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Published Friday 28 Jul 2017

Interest in bowel screening has grown since the launch of the National Bowel Screening Programme in Hutt Valley last week. Have a look at this article for some more information on the programme.

Every year more than 3,000 New Zealanders are diagnosed with bowel cancer and more than 1,200 die from it. Regular bowel screening can save lives by finding cancer early which it can often be successfully treated.

Here are some of the key facts about the programme:

Why introduce a screening programme?

New Zealand has one of the highest rates of bowel cancer in the world. Regular bowel screening can save lives by finding cancer early when it can often be successfully treated.

Who is eligible for screening?

The National Bowel Screening Programme is being offered to men and women aged 60 to 74 who are eligible for publicly funded healthcare.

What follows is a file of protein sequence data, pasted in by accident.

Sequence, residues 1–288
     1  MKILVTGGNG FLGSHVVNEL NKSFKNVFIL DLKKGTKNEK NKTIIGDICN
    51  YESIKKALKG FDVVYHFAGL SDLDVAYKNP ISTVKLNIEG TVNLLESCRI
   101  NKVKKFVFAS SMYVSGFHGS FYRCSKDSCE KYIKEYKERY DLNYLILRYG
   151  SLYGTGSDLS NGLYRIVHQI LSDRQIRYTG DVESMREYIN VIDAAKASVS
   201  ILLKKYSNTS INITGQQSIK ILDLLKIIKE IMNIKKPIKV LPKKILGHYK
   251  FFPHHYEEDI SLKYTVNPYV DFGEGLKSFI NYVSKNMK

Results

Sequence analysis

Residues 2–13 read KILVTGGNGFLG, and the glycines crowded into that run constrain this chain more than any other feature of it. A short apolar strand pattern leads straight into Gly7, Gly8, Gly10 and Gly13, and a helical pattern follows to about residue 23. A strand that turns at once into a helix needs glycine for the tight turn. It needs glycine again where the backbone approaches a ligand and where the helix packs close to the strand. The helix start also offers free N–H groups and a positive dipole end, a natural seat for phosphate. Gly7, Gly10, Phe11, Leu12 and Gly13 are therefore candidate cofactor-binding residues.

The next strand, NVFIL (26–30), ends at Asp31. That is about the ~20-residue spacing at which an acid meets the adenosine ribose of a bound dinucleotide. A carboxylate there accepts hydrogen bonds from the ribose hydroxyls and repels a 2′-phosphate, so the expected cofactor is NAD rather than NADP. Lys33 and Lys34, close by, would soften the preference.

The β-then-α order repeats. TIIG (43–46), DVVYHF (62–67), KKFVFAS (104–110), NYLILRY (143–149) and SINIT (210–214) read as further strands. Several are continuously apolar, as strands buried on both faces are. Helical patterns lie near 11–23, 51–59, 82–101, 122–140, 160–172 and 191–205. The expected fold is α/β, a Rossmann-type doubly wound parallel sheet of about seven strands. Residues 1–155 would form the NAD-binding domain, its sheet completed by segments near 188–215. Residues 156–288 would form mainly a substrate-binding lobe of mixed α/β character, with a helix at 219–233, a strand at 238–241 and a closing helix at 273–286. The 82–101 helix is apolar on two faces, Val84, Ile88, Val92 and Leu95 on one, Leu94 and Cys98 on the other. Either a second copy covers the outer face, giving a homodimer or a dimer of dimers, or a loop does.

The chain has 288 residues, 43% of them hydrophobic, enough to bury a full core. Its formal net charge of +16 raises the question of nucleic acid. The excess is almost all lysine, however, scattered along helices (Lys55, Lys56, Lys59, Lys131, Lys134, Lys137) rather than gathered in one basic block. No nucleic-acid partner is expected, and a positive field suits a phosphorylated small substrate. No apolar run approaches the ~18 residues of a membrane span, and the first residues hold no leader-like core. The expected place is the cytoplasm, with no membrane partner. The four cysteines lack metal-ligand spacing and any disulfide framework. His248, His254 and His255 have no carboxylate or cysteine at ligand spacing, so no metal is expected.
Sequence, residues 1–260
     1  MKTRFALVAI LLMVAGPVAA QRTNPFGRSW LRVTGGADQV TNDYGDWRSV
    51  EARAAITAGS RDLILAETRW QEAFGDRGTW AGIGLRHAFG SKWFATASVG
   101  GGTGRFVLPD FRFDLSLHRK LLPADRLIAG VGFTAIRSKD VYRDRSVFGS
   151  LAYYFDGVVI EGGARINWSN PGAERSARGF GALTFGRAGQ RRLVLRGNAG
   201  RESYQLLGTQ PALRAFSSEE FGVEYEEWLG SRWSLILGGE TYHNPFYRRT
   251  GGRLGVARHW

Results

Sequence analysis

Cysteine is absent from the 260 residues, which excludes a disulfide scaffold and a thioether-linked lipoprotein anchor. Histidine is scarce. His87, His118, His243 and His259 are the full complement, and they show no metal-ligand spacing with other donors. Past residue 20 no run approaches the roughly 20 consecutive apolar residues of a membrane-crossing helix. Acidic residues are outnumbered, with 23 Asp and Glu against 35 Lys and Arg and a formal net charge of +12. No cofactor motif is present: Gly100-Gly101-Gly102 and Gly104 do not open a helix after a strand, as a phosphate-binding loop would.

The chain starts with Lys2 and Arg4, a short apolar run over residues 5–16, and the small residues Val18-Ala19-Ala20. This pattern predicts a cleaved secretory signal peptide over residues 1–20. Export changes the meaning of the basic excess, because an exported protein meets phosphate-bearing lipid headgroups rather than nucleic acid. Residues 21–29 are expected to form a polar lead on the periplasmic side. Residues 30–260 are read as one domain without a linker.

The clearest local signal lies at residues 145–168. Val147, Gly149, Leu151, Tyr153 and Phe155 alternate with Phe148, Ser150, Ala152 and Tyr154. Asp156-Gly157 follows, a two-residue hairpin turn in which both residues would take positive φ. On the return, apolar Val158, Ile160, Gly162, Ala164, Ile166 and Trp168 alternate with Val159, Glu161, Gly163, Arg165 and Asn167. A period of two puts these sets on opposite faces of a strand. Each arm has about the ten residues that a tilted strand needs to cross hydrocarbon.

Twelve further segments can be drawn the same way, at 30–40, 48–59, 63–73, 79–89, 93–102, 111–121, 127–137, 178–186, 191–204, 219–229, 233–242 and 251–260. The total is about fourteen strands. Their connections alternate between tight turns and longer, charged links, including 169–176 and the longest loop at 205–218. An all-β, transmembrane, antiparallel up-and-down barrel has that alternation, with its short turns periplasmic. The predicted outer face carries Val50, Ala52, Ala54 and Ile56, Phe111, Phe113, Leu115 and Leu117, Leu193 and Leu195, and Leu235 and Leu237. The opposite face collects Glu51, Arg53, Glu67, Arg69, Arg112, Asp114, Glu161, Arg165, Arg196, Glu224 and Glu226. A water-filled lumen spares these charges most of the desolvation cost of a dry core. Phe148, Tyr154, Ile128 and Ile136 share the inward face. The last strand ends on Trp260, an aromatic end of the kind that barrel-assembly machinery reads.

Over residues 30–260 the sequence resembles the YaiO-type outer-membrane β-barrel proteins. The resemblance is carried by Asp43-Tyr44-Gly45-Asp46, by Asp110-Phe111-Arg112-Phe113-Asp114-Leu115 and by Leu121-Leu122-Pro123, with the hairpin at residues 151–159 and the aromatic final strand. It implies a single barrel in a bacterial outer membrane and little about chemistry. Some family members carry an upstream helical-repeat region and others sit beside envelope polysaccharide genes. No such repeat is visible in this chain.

What does screening involve?

If you are eligible to take part, you will be sent an invitation letter, a consent form and a free bowel screening test kit. The test is done at home, and is clean and simple to do.

When will I be invited?

Assuming you are eligible, you will receive their first invitation within two years of the programme starting in July this year. The programme will then be ongoing for eligible 60-74 year olds, who will be invited for screening once every two years.

The timing of the invitations is related to your birthdate. If your birthday is on an even date, for example 2 September, you will be invited on or about their birthday in the first year ie: September 2017. If your birthday is on an odd date, for example 3 September, you will be invited in September during the second year of the programme, in 2018.

Where can I find out more information?

The National Bowel Screening website explains the programme in more details including:

Bowel problems? Talk to your doctor.

  • Common symptoms of bowel cancer may include:
    a change to your normal pattern of going to the toilet that continues for several weeks (such as diarrhoea)
  • A feeling that your bowel doesn’t empty completely
  • Blood in your bowel motion